Album Review: Mike Posner's '31 Minutes to Takeoff'
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There’s a new crop of solo male artists that cannily blends pop, R&B and dance. Instead of degrading women, they generally are respectful, if not downright adoring, in their lyrics. It’s a new breed that you could definitely take home to mama.
Mike Posner is the latest to join the ranks of Drake, B.o.B, Jay Sean and Taio Cruz. His first single “Cooler Than Me"—about a co-ed at Duke who wouldn’t give him the time of day (who’s having the last laugh on that one?)—soared to No. 6 on the Billboard Hot 100, while second single, “Please Don’t Go” is also shaping up as a hit.
Both tunes are high points on “31 Minutes to Takeoff,” Posner’s major label debut. The first is a finger-snapper, chock full of interesting twists and turns, including synthesizer lines straight out of the ‘80s, while the second is a romantic slice of post-modern yearning. There’s also something compelling about Posner’s salute to old school R&B paired with his embrace of today’s beats, bells and whistles, such as on stand-out track, “Do U Wanna.”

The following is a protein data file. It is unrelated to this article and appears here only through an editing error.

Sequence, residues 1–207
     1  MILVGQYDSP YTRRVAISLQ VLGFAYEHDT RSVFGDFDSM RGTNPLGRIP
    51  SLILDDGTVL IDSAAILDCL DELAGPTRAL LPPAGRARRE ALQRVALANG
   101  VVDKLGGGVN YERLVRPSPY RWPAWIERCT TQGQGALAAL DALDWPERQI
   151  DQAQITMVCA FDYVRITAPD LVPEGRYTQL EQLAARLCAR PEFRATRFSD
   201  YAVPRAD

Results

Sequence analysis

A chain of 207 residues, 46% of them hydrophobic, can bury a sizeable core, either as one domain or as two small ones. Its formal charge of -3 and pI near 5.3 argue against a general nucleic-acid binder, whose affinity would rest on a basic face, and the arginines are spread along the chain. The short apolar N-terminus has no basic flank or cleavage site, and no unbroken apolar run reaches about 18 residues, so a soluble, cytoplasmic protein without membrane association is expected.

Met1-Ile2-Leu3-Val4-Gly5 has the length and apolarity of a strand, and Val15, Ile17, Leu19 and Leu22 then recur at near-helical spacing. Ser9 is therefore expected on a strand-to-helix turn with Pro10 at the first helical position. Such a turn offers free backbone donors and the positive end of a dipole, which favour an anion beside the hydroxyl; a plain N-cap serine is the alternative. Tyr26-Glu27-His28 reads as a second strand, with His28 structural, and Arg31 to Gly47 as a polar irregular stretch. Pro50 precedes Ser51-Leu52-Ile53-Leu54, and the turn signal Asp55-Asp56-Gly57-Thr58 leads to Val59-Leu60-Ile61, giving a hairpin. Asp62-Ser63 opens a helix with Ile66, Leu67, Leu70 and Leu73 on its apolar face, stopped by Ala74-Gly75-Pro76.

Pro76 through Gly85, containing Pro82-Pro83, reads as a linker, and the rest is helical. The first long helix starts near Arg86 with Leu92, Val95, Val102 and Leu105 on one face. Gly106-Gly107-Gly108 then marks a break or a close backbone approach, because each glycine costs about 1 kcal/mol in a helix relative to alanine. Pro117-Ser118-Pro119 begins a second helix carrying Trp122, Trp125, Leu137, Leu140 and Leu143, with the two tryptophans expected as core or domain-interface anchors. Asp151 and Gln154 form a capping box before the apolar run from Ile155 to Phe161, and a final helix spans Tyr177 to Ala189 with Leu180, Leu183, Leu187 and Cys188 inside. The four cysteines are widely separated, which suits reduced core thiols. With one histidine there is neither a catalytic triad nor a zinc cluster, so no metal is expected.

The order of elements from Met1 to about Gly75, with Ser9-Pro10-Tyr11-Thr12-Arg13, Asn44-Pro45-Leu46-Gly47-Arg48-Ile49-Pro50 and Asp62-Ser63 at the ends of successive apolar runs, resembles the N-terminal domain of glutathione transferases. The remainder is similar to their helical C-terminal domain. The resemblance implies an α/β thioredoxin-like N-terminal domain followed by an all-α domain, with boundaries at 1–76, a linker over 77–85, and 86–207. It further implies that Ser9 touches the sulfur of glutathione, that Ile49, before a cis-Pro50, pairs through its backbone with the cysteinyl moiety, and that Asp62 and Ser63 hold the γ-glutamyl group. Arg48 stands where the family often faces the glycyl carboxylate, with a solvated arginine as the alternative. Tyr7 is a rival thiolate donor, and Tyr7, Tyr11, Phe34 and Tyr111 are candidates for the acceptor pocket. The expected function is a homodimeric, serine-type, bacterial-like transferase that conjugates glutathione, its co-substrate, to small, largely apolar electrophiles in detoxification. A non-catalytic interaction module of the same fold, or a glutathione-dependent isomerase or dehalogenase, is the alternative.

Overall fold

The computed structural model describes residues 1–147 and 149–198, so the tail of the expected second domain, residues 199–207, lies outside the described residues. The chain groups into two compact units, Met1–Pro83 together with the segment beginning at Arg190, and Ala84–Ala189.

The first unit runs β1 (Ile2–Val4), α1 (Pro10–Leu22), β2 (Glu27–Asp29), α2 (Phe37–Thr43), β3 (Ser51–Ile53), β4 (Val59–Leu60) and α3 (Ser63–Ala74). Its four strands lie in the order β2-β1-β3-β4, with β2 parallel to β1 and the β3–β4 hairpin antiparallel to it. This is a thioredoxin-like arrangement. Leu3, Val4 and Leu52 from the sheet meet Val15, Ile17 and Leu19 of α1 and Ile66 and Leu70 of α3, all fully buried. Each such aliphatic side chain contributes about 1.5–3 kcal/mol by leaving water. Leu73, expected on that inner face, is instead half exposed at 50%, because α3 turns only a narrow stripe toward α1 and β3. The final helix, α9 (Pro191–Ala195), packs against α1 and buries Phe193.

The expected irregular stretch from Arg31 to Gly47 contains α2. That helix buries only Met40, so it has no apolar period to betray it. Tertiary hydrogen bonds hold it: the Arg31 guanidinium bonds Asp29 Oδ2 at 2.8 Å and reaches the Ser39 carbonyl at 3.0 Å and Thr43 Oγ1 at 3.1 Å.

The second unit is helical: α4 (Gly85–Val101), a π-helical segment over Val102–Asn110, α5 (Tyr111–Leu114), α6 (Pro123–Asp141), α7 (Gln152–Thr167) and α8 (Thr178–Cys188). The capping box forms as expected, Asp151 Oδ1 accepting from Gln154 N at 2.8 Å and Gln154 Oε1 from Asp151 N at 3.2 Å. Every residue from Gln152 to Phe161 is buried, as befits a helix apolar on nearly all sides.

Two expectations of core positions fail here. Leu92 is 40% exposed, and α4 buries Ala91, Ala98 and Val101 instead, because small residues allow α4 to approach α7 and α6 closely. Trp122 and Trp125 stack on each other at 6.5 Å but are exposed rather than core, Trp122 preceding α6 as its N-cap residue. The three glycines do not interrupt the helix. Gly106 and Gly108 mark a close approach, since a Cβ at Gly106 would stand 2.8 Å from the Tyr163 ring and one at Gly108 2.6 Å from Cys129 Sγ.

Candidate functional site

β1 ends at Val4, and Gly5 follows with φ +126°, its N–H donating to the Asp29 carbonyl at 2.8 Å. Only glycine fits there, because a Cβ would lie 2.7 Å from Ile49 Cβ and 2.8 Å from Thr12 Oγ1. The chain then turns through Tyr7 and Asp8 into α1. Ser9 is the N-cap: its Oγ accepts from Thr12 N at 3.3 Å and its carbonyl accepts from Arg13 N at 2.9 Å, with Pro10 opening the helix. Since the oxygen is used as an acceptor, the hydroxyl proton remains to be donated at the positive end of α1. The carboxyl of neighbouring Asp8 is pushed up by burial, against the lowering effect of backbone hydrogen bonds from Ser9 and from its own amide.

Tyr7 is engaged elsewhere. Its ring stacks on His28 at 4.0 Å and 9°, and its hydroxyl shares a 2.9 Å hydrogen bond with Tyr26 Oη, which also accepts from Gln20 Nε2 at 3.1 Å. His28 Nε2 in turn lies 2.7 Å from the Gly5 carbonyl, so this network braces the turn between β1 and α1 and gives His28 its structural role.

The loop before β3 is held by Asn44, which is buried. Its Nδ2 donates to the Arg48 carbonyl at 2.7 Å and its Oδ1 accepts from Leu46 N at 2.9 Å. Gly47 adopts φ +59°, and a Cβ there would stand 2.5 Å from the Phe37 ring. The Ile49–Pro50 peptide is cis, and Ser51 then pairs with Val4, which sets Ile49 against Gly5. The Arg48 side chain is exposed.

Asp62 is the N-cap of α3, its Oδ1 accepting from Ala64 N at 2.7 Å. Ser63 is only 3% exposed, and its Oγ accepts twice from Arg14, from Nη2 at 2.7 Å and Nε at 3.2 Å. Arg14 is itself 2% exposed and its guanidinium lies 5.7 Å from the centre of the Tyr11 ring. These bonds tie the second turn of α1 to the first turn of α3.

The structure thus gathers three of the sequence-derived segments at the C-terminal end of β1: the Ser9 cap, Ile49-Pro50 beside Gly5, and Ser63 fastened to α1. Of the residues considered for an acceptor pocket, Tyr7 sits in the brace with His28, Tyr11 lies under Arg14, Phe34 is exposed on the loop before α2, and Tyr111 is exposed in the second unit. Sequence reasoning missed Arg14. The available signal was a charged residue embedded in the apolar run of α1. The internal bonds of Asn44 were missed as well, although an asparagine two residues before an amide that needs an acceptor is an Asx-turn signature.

Posner, who caught J’s attention after releasing a popular mix tape recorded in his dorm room, co-wrote and co-produced all the tunes here, collaborating with Blink 182’s Travis Barker, production team the Smeezingtons and Benny Blanco, best known for his work with Ke$ha.
Many of Posner’s tunes start off ultimately more interesting than where they end up. For example, the slow grind of “Bow Chicka Wow Wow” begins like Rufus’s “Tell Me Something Good” before trailing off. Sweet harmonies on “Déjà Vu” launch the song with a promise that gets broken fairly quickly. There are even backing vocals from Boys II Men, who manage to deliver the line “take that shit all off” as smoothly as a caress.
Posner’s shtick, in so much as he’s working one, is that he never seems to break a sweat here. All the songs are reasonably the same mid-tempo with a steady beat and his laid-back delivery seems effortless, yet never lazy.
There are a few clunkers: his song “Cheated” does take him out of the “adoring women” category, as he sings “no one told me I was dating a whore” and even name drops the woman he’s singing about.
The bigger issue is that everything on the album is fine, but nothing comes close to being remarkable or unique in any way. His voice is serviceable, but utterly without nuance. There are hints and glimmers of a developing talent here—and he’s only 22, so there’s many reasons to believe he’ll morph into a stronger talent-- but “31 Minutes to Takeoff” is a bit of a bumpy flight.